This is a block of attached, three-story homes, tall and narrow. Next to an ugly house with sparse vegetation and faded magazines pasted into the windows, there is a beautiful house with a huge tree, lovingly tended garden and ivy growing up the brick. Care besides neglect seems to be its own kind of beauty in contrasts. As I walk this block and beyond, I wonder who fixed up their place, who let it slide, who left it in a state of transition and why?
The weekend before, I went to a lecture presented by the local Beautification Group, and a historian told the story of the Queensborough Corporation that built most of Jackson Heights through the teens and twenties of the last century; co-ops on corn fields, advertised as garden apartments, sold exclusively to wealthy white people. They lived and died and the people of color moved in. He claimed that it’s been hard for Jackson Heights to get Landmark status to protect the history of these buildings because it has long been a working immigrant community ignored by the Landmark Board, compared to Park Slope, in Brooklyn, where wealthy white residents have been vocal in getting historical designations. But Park Slope used to be a largely immigrant community, too, and I can’t help but think of the prices he cited for homes on blocks nearby me: close to a million dollars. I keep looking at the people on the streets where I am walking, wondering if they are millionaires. A South Asian mom, her two kids, and their auntie are taking care of the grape vines, suspending them with an elaborate web of strings and sticks in their tiny front yard; next to them an elderly Latino lady with a hoe is digging at the corner of her lawn. Landmark status or not, when I take this walk a year, two years, three years from now, will wealthy white people be buying up all the homes of the people of color, who can no longer afford to live or buy here once a generation passes on? Will it be like Park Slope?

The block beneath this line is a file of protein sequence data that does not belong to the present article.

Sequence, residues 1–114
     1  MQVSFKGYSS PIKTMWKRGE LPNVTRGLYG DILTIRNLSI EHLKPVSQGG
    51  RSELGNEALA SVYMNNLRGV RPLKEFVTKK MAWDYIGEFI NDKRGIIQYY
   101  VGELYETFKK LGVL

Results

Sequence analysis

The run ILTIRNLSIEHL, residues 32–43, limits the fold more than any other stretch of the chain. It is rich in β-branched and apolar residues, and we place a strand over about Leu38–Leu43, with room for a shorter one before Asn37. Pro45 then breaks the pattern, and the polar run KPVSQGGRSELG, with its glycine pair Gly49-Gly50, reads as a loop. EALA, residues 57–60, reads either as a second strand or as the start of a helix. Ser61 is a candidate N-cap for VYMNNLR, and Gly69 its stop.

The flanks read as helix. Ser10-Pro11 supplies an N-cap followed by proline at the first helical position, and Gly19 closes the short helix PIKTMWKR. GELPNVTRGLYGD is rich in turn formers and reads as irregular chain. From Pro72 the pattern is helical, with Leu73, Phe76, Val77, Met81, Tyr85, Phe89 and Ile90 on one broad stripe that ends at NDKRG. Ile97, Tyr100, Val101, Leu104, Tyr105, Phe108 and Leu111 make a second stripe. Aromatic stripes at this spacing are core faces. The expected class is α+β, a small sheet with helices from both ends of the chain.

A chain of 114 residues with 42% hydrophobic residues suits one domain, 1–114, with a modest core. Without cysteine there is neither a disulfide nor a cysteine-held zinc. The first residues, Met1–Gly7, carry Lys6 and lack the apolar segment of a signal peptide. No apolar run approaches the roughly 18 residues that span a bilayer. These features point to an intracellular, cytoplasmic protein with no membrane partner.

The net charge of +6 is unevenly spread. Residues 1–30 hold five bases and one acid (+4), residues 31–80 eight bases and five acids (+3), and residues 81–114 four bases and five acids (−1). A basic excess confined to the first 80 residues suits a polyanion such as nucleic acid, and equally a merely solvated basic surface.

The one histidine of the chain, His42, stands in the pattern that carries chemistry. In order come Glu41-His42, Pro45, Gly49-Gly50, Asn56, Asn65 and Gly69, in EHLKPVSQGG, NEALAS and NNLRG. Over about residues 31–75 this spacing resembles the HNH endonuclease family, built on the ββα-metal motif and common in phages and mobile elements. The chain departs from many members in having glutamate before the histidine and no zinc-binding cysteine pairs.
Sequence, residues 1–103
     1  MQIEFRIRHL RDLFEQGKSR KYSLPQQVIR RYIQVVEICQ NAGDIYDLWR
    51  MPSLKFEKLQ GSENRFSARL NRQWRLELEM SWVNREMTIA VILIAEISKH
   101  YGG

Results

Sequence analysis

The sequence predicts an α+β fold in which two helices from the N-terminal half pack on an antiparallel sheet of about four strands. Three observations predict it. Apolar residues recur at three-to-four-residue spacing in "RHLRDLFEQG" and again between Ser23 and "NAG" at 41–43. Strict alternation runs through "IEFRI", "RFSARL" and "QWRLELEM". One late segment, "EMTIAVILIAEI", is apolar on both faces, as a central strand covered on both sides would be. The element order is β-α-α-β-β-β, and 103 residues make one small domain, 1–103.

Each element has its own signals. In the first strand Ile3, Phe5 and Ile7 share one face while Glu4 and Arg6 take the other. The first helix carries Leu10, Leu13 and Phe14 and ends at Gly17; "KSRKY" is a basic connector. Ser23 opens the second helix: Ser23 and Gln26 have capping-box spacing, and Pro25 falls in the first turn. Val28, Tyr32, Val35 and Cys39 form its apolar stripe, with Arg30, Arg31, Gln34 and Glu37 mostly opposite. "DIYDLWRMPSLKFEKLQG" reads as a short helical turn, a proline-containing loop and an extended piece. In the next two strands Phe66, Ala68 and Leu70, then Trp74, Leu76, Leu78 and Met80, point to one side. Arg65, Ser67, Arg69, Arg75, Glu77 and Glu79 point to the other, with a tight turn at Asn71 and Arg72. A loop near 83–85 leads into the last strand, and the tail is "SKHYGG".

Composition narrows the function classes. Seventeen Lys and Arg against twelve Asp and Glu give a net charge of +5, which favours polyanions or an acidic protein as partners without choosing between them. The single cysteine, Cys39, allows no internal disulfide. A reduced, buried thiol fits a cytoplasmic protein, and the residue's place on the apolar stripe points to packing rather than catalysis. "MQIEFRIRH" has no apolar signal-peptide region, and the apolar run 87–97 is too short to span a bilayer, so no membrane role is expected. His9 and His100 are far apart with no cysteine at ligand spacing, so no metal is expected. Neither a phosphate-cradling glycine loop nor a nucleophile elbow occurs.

I am also thinking of my students. They come from all over the world, from Algeria to Myanmar, but we don’t get to talk about that. Instead, we read newspaper articles, and they struggle to write about them. I’m tired of doing this. I’m tired of not teaching them from their subjective reality: where they come from, why they came here, what religions that they left behind or still practice in rooms like the ones I am now spying upon.